The harsh reality of the University London Union
The recent decision to close the University London Union should not just be welcomed, but celebrated...
It was on the eve of an historic vote that Michael Chessum, the University of London Union's (ULU) President, took the opportunity to write a piece in the Guardian presenting one of the most biased, inaccurate, and manipulative accounts of what ULU means to London’s students.
When Chessum's piece ran, the University of London and its various colleges were about to vote as to whether its union, ULU, should continue to exist as a funded-entity. The result was such that the union, established 1921, is now set to close. But apparently the jig is not up for Chessum and his deputy, Daniel Cooper, who have vowed to fight on to “save” it.
Well, turkeys scarcely vote for Christmas, do they?
The truth however, is that ULU is redundant. In his article, Chessum claims that it represents 120,000 London students, whereas in reality, the Union would be lucky to represent just 5,000 of us.
ULU election turnout per London college, is scandalously low, with the average across London colleges hovering at a paltry 2.01 percent. The highest turnout was Heythrop – a tiny college at which a staggering 5.28 percent of students turned out to vote in ULU elections – a total of 45 raw votes.
These figures would be seen as nothing short of diabolical in regular, mainstream politics. Yet Chessum wants us to believe that the Union he was elected to lead, where he got 1,355 votes from 120,000 students, truly represents the London student body. To be faced with these statistics and still claim success is an example of the embarrassing state of student politics, and more obviously, clues us in as to ULU’s lack of democratic mandate.
ULU is simply irrelevant, evidenced in part by voter turnout, but also because by its own admission that it spends most of its funds on renting swanky offices. This then begs the question – precisely what is ULU doing for Londoners beyond providing a bit of office space and subsidised beverages? We are not “vulnerable” without ULU though it might suit management egos to think we are. Nor are we empowered by it. For most of us, our interaction with ULU is limited solely to the perennial search for cheap pints, which can obviously be done elsewhere.
Our own college's respective unions have a greater commitment to pastoral care than ULU, giving us access to welfare officers, legal advisers etc. so that we are supported should we find ourselves in unfortunate circumstances. Is there a need for ULU, given the superior performance of our college unions?
The concept of a University of London Union, and to some extent, the University of London itself, clings to this idea that without ULU, London’s colleges would become insular – but where’s the evidence? Our universities work together, students travel between them to take modules not available at their own places of study, our societies open their doors to attendees from all other universities indiscriminately. The entire nature of living and studying in London is the sense of community – and yes, rivalry – that exists in this environment. Each college is on each others' doorsteps. Like it or not, our colleges are stuck together, and it is geographical proximity, not ULU, that forges this dynamic.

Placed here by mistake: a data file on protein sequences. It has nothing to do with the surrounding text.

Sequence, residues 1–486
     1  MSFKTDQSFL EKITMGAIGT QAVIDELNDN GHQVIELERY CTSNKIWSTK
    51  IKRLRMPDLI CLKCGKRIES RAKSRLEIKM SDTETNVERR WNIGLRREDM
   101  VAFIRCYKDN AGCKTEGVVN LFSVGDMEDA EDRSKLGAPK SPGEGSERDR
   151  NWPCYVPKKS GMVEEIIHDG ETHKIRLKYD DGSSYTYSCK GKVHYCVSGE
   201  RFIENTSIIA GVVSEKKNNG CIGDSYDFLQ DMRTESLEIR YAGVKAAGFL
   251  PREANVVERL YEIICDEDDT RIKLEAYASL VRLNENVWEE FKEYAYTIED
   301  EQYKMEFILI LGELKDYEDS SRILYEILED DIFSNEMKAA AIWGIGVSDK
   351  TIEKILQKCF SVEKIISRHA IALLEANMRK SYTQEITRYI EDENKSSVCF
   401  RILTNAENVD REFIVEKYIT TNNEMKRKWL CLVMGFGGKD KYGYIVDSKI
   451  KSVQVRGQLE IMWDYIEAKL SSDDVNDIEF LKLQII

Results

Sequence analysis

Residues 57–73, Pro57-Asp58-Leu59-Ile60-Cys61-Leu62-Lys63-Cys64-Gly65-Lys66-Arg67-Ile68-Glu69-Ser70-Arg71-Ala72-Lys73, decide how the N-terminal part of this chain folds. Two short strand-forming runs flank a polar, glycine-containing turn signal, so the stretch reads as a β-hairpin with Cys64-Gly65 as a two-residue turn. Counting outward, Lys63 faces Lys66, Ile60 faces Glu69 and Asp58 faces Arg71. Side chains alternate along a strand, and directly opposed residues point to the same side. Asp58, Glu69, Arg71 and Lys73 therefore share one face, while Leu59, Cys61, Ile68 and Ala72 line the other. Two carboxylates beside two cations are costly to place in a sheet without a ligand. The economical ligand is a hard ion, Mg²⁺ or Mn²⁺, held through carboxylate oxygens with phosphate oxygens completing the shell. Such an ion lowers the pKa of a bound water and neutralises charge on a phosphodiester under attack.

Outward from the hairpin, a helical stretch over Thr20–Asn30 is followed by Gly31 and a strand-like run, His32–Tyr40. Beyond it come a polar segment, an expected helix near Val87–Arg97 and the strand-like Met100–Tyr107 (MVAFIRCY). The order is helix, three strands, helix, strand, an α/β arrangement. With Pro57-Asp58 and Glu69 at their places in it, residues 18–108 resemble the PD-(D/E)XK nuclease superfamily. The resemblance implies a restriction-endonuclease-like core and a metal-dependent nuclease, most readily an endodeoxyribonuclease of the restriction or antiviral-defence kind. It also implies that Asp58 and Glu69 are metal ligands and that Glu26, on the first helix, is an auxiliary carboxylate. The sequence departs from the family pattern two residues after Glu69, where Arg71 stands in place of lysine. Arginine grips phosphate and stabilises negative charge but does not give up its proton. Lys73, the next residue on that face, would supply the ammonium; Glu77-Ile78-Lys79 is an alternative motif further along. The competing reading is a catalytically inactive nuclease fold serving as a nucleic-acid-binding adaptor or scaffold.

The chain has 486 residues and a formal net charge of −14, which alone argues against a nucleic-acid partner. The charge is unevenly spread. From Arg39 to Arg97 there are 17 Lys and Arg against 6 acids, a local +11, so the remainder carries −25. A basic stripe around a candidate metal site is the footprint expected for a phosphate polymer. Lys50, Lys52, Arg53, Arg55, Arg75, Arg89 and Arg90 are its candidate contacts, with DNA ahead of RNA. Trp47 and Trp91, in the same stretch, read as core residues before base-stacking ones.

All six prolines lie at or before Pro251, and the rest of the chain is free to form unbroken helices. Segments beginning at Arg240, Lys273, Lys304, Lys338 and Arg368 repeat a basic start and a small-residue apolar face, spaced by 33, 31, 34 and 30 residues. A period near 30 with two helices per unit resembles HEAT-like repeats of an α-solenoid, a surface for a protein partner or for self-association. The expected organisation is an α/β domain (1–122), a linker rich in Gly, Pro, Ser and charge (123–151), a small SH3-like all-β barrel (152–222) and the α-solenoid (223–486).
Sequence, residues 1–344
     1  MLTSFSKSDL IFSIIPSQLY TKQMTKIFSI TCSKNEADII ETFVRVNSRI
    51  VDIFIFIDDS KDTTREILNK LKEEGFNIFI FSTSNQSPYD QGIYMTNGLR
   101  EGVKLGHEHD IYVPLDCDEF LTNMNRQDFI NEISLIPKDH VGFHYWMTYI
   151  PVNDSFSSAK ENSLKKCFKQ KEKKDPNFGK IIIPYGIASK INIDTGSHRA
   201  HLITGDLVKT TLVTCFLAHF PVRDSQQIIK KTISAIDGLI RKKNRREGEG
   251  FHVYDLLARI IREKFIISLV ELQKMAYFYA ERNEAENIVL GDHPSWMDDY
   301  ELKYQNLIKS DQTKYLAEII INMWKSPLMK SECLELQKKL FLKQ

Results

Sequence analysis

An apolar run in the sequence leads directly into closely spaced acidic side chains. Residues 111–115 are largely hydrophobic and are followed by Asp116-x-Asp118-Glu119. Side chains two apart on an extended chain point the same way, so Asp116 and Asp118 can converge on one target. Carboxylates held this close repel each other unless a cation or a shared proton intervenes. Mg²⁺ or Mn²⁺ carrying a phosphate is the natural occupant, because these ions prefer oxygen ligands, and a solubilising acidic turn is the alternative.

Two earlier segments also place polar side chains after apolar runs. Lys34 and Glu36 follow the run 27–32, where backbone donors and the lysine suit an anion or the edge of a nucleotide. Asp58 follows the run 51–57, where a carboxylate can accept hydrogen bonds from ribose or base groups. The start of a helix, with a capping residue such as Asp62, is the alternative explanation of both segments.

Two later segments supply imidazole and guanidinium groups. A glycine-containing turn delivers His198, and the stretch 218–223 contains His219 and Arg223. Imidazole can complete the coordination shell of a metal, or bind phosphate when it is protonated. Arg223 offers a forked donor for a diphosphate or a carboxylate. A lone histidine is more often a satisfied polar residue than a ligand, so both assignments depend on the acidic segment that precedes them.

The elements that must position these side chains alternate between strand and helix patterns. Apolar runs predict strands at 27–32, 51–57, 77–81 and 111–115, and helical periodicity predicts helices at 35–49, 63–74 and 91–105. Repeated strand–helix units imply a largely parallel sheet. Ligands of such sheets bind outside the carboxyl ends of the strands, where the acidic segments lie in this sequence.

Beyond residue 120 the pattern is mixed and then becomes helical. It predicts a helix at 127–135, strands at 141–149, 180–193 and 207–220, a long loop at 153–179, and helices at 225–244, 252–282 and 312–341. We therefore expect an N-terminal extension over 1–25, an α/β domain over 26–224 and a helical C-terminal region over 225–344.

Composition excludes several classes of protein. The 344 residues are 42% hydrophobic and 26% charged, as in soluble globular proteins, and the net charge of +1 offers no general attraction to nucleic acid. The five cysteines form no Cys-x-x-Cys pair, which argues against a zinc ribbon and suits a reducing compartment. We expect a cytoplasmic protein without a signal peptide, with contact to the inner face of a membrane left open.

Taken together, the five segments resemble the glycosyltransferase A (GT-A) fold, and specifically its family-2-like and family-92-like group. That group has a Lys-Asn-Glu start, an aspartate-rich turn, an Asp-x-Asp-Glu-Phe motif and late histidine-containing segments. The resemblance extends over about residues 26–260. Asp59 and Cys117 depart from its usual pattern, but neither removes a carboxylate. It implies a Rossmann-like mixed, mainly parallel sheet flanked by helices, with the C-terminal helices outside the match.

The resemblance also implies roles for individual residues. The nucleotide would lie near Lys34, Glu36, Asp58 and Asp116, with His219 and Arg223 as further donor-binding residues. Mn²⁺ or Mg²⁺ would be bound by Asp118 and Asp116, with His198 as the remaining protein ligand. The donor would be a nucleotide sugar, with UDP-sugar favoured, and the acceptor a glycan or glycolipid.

The likes of Chessum might see this as a market-driven assault on democracy but the truth is, scapegoating market forces for what we’re seeing with ULU and higher education generally, is to display a huge misunderstanding of basic economics.
There is nothing resembling a free market in education – to anybody, that must be obvious. Asking customers to pay more for a good is not akin to bringing market forces in. Do we have a culture of private universities in Britain? No. Do we have government policy to encourage the building of more private universities? No, more’s the pity.
So does Chessum speak for all students when he claims on our behalf, that the closure of ULU demonstrates democracy is not compatible with markets? Does he speak for the politics students, the philosophy students or economics students, who have significant reason to think otherwise?
Leaving aside the dubious claim that ULU is in any way “democratic”, the analysis of why this is happening to ULU is completely wrong. It was set up to protect student welfare, to represent students and their needs at the management level, and to ensure that we were safeguarded. It has failed on every metric.
This is part of the reason we don’t turn up to its elections. Because we know what ULU really is: a socialist talking shop, where socialists-cum-communists have congregated, hijacked the Union, and used it as a springboard to enforce their minority mindset on the majority.
They then have the audacity to use our vast student body as “evidence” that students crave their political agenda, because we “voted them in”. Except, we didn’t.
In between deciding not to lay a wreath on behalf of ULU on Remembrance Sunday (in solidarity with socialist comrades) and a myriad of other manoeuvres designed to politicise the Union and align it directly with the far-left cause, ULU’s “elected” representatives have shown their true colours.
What an ugly, selfish shade of red it is.
Victoria Monro is a student at the University College London
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